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Darwin is a thriving, prosperous and multicultural city with lively bars and wide-ranging international cuisine. It is lush, tropical, and the gateway to top-end outback adventures through the world heritage Kakadu and Litchfield National Parks. Darwin boasts an eclectic cultural mix: Asian music, food, and languages live side-by-side with aboriginal artistry, Australian beach culture, love of the outdoors, and a profound appreciation of cosmopolitanism.

The City

Darwin, built upon a low bluff overlooking Darwin Harbour, is the administrative capital of the Northern Territory and is called the capital of tropical Australia because it is lush and green, full of tropical plants and the perfume of Frangipanis. The cyclone season is from November to April, when there are stunning electrical storms and predictable afternoon rains. The city had to be virtually rebuilt after being devastated by cyclone Tracy in 1974. Before that, the city had been destroyed tree more times — yeah, tough luck. Darwin is also the most multicultural city in Australia, boasting over 75 nationalities, a large indigenous population (25 percent) and a diverse range of immigrants from Asia. The Stuart Highway — The Track — is the only road out of town and runs 2,800 km south to Adelaide. Since 2004, Darwin has had a rail link to the great southern cities of Adelaide, Melbourne, Perth, and Sydney. The Ghan passenger train service runs twice a week.

Do & See

Darwin is a youthful city with a young and vibrant population, and it is famously packed with young travellers during the dry season. Outdoor living is the norm and outdoor activities and adventures are the main attractions, with breathtaking natural parks in close proximity. Central Darwin is compact and easily explored on foot, although the suburbs are somewhat spread out.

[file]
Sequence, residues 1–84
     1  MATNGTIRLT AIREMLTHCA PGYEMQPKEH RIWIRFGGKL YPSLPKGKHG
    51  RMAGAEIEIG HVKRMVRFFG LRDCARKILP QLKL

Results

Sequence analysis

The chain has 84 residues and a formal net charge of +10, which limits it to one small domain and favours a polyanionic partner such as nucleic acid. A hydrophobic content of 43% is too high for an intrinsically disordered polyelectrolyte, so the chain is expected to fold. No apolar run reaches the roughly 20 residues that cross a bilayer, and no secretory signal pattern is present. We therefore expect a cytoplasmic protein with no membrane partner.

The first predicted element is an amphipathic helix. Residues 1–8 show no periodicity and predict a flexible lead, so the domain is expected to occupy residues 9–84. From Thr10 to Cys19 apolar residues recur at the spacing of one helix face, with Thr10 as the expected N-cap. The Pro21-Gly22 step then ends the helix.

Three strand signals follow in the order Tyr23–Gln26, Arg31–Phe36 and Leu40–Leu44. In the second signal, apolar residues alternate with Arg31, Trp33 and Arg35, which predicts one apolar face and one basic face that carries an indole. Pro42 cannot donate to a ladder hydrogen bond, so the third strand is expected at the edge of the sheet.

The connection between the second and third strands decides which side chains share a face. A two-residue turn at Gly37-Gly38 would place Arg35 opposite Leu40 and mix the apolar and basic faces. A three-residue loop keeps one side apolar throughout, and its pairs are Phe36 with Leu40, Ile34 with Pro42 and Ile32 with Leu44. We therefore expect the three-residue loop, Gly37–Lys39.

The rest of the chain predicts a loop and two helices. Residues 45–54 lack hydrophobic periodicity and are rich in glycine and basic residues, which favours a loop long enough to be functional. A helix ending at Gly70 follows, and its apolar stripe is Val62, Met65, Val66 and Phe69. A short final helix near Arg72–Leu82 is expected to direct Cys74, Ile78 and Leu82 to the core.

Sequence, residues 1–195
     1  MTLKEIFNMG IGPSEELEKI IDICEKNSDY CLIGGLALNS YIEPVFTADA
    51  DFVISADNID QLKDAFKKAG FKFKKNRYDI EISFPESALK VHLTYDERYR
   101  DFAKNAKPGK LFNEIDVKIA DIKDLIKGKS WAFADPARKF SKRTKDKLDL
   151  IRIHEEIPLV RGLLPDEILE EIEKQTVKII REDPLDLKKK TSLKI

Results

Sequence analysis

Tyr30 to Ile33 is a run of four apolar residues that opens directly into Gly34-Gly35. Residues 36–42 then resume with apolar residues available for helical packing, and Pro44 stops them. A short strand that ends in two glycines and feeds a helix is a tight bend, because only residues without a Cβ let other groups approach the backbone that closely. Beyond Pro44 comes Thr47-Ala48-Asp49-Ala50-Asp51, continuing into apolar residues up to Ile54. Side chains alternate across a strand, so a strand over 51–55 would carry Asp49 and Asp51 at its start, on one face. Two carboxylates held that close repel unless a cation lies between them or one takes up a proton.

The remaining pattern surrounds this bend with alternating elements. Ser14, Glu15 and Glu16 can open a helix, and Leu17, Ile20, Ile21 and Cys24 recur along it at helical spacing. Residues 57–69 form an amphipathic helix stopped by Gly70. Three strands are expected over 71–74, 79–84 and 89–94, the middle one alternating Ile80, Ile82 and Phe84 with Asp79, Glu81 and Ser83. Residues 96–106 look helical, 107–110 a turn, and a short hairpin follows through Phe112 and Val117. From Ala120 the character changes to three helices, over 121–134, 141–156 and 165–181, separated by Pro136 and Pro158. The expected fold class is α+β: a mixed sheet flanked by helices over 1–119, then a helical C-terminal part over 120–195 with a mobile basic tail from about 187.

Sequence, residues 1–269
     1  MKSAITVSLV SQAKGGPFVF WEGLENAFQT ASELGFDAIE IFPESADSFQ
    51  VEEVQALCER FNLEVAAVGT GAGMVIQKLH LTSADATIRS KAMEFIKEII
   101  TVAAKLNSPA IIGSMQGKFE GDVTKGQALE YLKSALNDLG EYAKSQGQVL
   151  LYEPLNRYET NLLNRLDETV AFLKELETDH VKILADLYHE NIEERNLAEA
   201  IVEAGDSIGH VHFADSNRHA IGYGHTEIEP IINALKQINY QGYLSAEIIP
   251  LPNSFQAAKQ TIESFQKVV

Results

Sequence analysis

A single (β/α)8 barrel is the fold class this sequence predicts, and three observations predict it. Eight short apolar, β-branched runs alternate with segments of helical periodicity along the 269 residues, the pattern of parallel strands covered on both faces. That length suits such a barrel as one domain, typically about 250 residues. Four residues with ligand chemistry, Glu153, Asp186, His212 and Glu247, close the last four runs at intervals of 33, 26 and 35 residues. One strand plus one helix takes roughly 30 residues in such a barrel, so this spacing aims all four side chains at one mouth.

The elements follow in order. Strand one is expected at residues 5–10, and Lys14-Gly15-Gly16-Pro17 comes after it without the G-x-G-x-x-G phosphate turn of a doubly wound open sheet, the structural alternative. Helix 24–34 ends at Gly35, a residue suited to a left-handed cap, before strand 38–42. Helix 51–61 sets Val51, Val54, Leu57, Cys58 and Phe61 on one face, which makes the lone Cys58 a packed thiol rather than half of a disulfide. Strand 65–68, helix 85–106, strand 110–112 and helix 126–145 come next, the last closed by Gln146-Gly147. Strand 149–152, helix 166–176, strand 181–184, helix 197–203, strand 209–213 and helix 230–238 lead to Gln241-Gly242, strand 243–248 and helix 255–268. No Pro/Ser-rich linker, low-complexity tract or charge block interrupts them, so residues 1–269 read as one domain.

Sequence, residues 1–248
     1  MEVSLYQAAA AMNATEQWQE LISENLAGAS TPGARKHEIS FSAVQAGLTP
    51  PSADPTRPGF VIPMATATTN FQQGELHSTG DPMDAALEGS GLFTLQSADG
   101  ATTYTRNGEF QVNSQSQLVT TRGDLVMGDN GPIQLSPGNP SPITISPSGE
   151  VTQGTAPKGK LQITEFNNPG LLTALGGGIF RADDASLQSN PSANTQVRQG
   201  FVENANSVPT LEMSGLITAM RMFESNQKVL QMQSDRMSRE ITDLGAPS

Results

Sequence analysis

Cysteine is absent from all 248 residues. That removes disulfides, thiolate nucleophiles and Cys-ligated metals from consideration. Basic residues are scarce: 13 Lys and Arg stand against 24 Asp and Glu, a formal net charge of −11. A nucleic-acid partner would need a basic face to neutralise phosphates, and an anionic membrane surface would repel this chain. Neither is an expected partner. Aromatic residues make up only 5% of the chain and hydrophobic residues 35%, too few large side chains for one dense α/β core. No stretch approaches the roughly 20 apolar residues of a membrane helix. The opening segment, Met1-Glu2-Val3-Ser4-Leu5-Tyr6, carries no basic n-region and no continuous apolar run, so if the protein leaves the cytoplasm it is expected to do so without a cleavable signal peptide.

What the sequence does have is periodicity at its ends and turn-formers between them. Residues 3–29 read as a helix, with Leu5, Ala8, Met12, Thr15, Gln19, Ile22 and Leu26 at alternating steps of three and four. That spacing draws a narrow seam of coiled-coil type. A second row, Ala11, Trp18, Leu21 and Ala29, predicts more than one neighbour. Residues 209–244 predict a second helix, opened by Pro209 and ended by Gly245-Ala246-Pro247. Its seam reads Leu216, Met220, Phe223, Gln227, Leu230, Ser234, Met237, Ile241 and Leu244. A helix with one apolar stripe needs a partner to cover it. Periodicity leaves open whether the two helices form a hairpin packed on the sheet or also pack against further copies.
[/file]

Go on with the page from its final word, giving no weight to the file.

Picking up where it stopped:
Australian dining is almost always an easy-going and casual experience, even in smart restaurants. Darwin restaurants have a fabulous range of fresh seafood, primarily the superb local Barramundi fish. Local wildlife such as kangaroo, crocodile, buffalo, emu and camel can also be found on many menus. International cuisine is also on offer including Mediterranean, Thai, Malay and Chinese. Pubs have voluminous menus and are a popular alternative.


Australia has long been a country of tea-drinkers, but coffee has taken over in recent times. Darwin has plenty of local roasters and specialist baristas, now boasting lots of cosy cafes, patisseries and seaside eateries to choose from. So whether you fancy a long and relaxing brunch, a quick coffee or an afternoon drink, you'll find exactly what you're looking for in garden cafes of specialist bakeries.

Bars & Nightlife

Darwin has always had a reputation for playing hard, and now young travellers keep up the tradition, especially on the weekends. The city has also become very cosmopolitan and varied, with fabulous multicultural markets, shopping centres, casinos, nightclubs, a smorgasbord of restaurants and, of course, pubs galore.


Darwin is no great shakes as a designer shopping venue, except in terms of outback necessities, aboriginal artefacts and surf gear. The main shopping areas are Mitchell Street and the parallel pedestrian precinct of Smith Street. Mitchell Street offers mainly tour agencies, cafes, bars, Internet cafes, aboriginal art and a few other miscellaneous shops. The Smith Street pedestrian precinct is a more relaxing retail environment with fountains, outdoor cafes, bookshops, shoe shops and tourist stores.

Tourist Information